The Deputy has extended the scope of the question out of proportion.

As I have indicated in my reply we are only having very preliminary discussions and to go any further in relation to that matter would be imprudent. The fuels order which requires oil importers to purchase 35 per cent of petrol and gas oil requirements from the refinery was introduced to ensure the continued operation of the refinery. It is seen as an integral part of Ireland's oil supply security. It was recognised as such by the European Court of Justice and a change in ownership would not alter this position. It would be fair also to say that as far as the strategic national interest is concerned the Government would be very anxious to ensure that whatever final negotiations take place, the security of supply and the balance between ensuring that that happens and the proposals are kept in proper context. The Deputy can be assured that every effort, so far as I and the Government are concerned, will be aimed at safeguarding the national strategic interest.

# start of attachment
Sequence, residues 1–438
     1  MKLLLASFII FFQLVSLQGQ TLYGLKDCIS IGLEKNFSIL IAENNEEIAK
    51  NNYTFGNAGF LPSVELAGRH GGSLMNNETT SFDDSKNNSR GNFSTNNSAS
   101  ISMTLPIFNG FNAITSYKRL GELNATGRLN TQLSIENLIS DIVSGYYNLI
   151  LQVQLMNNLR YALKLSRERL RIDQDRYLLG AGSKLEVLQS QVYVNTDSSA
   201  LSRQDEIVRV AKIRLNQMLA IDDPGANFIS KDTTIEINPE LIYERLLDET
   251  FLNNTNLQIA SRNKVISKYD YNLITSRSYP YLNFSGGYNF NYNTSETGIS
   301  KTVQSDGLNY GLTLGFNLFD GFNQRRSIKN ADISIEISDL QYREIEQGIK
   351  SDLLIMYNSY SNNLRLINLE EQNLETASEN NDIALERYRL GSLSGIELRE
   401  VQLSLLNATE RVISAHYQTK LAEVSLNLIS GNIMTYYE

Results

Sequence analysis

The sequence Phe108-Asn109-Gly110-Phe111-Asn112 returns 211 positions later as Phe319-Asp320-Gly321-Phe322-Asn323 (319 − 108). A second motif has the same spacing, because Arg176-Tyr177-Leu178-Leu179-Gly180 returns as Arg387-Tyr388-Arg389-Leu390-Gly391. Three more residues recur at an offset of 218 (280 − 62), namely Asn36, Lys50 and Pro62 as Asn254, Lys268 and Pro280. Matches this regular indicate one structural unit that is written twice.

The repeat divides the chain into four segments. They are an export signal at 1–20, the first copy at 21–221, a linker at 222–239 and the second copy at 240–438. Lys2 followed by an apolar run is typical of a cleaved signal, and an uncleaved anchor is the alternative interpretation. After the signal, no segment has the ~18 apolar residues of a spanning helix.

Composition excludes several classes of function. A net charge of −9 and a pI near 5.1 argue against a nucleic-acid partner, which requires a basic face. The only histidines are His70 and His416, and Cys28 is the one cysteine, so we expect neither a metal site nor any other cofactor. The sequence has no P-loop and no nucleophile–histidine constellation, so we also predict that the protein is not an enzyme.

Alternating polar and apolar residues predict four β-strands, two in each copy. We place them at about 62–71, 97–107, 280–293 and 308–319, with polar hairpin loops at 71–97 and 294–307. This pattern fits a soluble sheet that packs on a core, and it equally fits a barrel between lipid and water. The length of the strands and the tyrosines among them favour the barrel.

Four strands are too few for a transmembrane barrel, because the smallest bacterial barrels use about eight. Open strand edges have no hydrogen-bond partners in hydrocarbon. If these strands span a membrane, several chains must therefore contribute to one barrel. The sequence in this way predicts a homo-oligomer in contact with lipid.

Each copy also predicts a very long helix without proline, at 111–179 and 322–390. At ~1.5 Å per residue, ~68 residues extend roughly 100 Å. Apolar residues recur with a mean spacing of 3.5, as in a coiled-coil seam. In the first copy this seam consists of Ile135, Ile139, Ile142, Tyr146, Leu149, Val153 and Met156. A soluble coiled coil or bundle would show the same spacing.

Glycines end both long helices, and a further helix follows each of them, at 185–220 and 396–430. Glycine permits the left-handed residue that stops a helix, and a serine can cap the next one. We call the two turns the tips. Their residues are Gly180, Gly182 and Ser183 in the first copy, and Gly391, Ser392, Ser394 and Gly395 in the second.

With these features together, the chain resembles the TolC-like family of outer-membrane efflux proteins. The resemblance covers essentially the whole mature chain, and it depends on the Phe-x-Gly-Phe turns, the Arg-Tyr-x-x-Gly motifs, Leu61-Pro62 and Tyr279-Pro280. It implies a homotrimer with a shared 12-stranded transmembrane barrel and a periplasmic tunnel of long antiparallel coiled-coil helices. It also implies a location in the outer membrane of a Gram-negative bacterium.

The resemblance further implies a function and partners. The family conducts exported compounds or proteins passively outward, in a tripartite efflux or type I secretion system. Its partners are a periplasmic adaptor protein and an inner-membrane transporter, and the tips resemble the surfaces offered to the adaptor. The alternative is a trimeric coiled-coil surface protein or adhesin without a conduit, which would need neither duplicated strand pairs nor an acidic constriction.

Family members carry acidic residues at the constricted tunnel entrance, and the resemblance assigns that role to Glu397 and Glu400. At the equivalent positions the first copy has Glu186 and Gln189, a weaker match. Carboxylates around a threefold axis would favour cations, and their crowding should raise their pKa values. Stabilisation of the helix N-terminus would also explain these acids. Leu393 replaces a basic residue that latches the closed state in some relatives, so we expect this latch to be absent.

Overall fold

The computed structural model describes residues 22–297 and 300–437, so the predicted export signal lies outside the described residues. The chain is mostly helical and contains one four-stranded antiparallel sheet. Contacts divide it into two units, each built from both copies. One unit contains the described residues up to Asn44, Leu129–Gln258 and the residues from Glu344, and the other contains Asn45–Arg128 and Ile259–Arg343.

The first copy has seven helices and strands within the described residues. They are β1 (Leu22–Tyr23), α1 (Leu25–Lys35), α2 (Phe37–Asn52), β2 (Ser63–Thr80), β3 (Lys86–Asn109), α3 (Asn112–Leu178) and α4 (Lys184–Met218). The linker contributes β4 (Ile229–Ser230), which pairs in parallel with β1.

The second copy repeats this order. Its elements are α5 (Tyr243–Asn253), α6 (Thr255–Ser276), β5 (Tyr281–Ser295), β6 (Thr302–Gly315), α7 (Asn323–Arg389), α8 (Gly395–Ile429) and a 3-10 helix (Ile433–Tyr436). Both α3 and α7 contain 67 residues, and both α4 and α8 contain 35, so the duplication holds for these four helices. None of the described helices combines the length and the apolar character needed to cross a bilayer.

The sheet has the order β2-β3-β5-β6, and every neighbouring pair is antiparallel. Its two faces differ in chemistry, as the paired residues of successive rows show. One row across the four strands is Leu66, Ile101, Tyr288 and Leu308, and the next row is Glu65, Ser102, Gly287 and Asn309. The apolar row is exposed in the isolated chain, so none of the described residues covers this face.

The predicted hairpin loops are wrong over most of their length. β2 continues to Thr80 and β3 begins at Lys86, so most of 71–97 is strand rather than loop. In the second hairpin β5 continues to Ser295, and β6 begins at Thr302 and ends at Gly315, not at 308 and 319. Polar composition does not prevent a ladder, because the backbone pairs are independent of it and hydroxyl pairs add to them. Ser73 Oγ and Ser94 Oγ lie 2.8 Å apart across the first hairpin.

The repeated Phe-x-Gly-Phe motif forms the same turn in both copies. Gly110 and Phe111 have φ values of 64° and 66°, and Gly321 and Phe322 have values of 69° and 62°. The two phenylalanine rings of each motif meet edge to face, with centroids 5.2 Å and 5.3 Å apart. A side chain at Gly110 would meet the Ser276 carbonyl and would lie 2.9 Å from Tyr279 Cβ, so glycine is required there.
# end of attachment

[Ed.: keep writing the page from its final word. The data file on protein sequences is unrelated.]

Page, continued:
Would the Minister not agree that for any producer country that might be interested in doing a deal along the lines he has described, the major carrot would be the compulsory 35 per cent off-take regime that exists in Whitegate at present? If that is now going to be made available to an incoming producer country it obviously would be very attractive for them. Would the Minister see any implications for controlling the price of the product which would be coming on to the Irish market given that a producer country would have a captive market and to some extent could ignore the prices that prevail on the world market, knowing that the product he produces at Whitegate has to be taken by the Irish consumer?